I also believe that changing demographics is changing society’s attitudes. Older people tend to be more cautious and conservative.

Next come the young people. They are  both living in more straitened times and accept that the environmental debate is over. The views of the scientific consensus on climate change will increasingly be reinforced by likeminded groups on social media that are mainly formed and followed by young people. And when you can keep in touch with your friends via Facebook, why even own a car?

The cost of renewables has also collapsed. Even without subsidies, wind and solar have become exceptionally cost-effective forms of electricity generation.

This is not just about global warming. It is also about air quality and human health. In countries such as China, where 1.6m people die every year from air pollution, there is a tremendous motivation to improve say the fuel-efficiency of automobiles and rapidly develop local electric car technologies.

The US federal government may well move in the opposite direction on climate change following Mr Trump’s promise to pull out of the COP21 agreement.

But the momentum in other countries will remain the same, for all the reasons above. And some US states, of course remain under Democratic control, including most notably California. If California were a country in its own right, it would be the sixth-biggest in the world.

Next comes the effect of Mr Trump’s likely economic policies on the global economy. His tax cuts and infrastructure spending would drive the dollar higher as US inflation increased. A global trade war, with major negative implications for export-dependent emerging market economies, would also encourage a flight to the dollar. When the dollar strengthens, oil prices fall.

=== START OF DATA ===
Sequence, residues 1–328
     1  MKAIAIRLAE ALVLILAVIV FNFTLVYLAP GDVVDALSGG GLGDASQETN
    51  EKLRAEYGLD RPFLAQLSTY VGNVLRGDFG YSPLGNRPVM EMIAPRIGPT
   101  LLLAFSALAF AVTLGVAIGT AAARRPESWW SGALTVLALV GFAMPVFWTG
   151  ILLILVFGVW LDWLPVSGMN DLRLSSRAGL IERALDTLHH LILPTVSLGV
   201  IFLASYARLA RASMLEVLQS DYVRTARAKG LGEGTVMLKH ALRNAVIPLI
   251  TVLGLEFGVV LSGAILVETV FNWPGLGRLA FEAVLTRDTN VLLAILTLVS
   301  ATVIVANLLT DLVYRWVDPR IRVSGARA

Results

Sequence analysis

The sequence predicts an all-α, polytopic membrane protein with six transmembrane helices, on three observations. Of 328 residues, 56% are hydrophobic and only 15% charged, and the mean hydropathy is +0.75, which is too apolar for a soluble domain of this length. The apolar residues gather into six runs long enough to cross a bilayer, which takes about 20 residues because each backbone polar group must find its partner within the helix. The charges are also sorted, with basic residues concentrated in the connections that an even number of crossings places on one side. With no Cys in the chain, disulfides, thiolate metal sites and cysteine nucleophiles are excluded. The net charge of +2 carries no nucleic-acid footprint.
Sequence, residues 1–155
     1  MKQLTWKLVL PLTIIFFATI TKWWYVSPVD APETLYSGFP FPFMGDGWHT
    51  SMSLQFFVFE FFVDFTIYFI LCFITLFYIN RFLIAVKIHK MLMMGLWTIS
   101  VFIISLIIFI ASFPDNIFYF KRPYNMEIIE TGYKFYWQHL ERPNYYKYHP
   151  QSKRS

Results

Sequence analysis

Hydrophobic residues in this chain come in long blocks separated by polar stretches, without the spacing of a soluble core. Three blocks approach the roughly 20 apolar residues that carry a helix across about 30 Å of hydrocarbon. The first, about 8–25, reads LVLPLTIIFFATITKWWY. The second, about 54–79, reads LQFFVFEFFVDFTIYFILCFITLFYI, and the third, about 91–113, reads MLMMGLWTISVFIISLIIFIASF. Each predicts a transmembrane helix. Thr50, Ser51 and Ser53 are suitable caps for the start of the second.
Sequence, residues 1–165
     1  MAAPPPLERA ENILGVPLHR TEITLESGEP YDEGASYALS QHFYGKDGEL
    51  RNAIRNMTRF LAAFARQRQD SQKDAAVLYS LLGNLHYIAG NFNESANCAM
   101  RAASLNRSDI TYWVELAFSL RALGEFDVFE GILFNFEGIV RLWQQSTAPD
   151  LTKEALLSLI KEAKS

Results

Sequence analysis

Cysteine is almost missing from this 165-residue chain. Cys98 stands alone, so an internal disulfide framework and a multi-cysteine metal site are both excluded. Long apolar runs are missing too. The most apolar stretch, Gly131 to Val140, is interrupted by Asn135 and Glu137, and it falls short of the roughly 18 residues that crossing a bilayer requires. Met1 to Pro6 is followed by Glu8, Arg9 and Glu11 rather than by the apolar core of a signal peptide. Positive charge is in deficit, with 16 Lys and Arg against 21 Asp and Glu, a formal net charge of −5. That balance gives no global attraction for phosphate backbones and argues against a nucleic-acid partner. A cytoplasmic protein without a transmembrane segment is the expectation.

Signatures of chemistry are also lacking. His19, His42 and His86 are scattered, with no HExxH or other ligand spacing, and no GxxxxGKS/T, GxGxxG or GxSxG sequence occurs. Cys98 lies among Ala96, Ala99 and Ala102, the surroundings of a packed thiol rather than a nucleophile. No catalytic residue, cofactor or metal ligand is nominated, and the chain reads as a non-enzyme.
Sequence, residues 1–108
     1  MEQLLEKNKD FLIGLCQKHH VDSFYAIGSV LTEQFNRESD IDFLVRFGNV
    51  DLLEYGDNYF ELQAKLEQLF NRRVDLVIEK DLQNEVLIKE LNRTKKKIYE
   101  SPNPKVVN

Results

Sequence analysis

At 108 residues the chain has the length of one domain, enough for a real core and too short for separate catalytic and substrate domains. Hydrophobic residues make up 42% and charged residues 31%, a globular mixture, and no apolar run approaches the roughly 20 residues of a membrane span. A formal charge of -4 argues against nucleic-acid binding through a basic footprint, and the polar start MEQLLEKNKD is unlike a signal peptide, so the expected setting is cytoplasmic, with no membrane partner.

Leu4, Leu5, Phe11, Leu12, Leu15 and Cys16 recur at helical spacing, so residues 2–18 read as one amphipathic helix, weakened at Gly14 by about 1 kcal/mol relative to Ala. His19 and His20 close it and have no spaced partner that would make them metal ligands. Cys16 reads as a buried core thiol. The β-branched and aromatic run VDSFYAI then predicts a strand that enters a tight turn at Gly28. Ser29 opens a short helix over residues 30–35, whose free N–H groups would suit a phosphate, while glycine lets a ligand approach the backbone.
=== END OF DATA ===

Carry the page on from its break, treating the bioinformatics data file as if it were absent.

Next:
There is also a significant risk that a global trade war will cause a global recession, driving-down the demand for crude.

 

Impact on petrochemicals prices

We need to model what this means for petrochemicals markets. See below our base case for oil, naphtha and China injection-grade high-density polyethylene (HDPE) prices from November 2016 until October 2017:

Basecase3

  • We assume that oil prices will average $48/bbl and so naphtha prices will average $440/tonne (naphtha per tonne was calculated at 8-9 times the price per barrel of oil, as is the historic norm).
  • We next assume the “spread”, or gap, between the cost of naphtha and the price of HDPE at an average of $649/tonne. This is line with the actual January 2015-Oct 2016 average spread $646/tonne. HDPE producers have enjoyed strong pricing power since the collapse of oil prices in September 2014.
  • This results in an average HDPE price of $1,090/tonne.

See below my perhaps extreme downside scenario:

Downside

 

  • Brent falls to an average of $29.50, and with it naphtha to $271/tonne.
  • The average HDPE spread is at $488/tonne, back to slightly above the average 2000-2014 spread of $465/tonne.
  • The average HDPE price is $757/tonne.

As I said, this could be an extreme scenario, especially up until Mr Trump’s inauguration on 20 January. But As Andrew Rawnsley wrote in yesterday’s Observer newspaper:

By all means hope for the best. It will make it easier to sleep at night. The sensible will prepare for the worst.

What could all of this mean for petrochemicals demand growth, for the relative competitiveness of producers and for margins or profitability over the next 12 months?  Crucially also, what would this mean for the wider global economy? Are we  really facing a recession in 2017, perhaps even something akin to the Great Depression?

These are the subjects of my post on Wednesday.